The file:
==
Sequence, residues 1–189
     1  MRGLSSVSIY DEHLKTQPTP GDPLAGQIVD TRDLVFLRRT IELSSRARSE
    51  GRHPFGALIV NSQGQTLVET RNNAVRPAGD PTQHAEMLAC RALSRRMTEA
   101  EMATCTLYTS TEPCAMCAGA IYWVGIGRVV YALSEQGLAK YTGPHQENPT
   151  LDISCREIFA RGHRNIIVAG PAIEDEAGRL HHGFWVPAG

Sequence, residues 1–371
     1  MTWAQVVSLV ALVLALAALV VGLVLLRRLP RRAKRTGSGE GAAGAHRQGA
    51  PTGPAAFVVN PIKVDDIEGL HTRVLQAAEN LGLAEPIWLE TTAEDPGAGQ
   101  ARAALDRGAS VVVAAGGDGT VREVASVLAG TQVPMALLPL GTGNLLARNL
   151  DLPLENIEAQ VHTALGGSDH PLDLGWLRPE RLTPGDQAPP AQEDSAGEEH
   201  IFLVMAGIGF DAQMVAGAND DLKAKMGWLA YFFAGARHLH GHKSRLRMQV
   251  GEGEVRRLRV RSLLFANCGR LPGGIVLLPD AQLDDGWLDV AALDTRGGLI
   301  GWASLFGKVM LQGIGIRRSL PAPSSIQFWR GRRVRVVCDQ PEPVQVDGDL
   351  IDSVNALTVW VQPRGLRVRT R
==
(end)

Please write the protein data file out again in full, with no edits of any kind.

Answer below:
Sequence, residues 1–189
     1  MRGLSSVSIY DEHLKTQPTP GDPLAGQIVD TRDLVFLRRT IELSSRARSE
    51  GRHPFGALIV NSQGQTLVET RNNAVRPAGD PTQHAEMLAC RALSRRMTEA
   101  EMATCTLYTS TEPCAMCAGA IYWVGIGRVV YALSEQGLAK YTGPHQENPT
   151  LDISCREIFA RGHRNIIVAG PAIEDEAGRL HHGFWVPAG

Sequence, residues 1–371
     1  MTWAQVVSLV ALVLALAALV VGLVLLRRLP RRAKRTGSGE GAAGAHRQGA
    51  PTGPAAFVVN PIKVDDIEGL HTRVLQAAEN LGLAEPIWLE TTAEDPGAGQ
   101  ARAALDRGAS VVVAAGGDGT VREVASVLAG TQVPMALLPL GTGNLLARNL
   151  DLPLENIEAQ VHTALGGSDH PLDLGWLRPE RLTPGDQAPP AQEDSAGEEH
   201  IFLVMAGIGF DAQMVAGAND DLKAKMGWLA YFFAGARHLH GHKSRLRMQV
   251  GEGEVRRLRV RSLLFANCGR LPGGIVLLPD AQLDDGWLDV AALDTRGGLI
   301  GWASLFGKVM LQGIGIRRSL PAPSSIQFWR GRRVRVVCDQ PEPVQVDGDL
   351  IDSVNALTVW VQPRGLRVRT R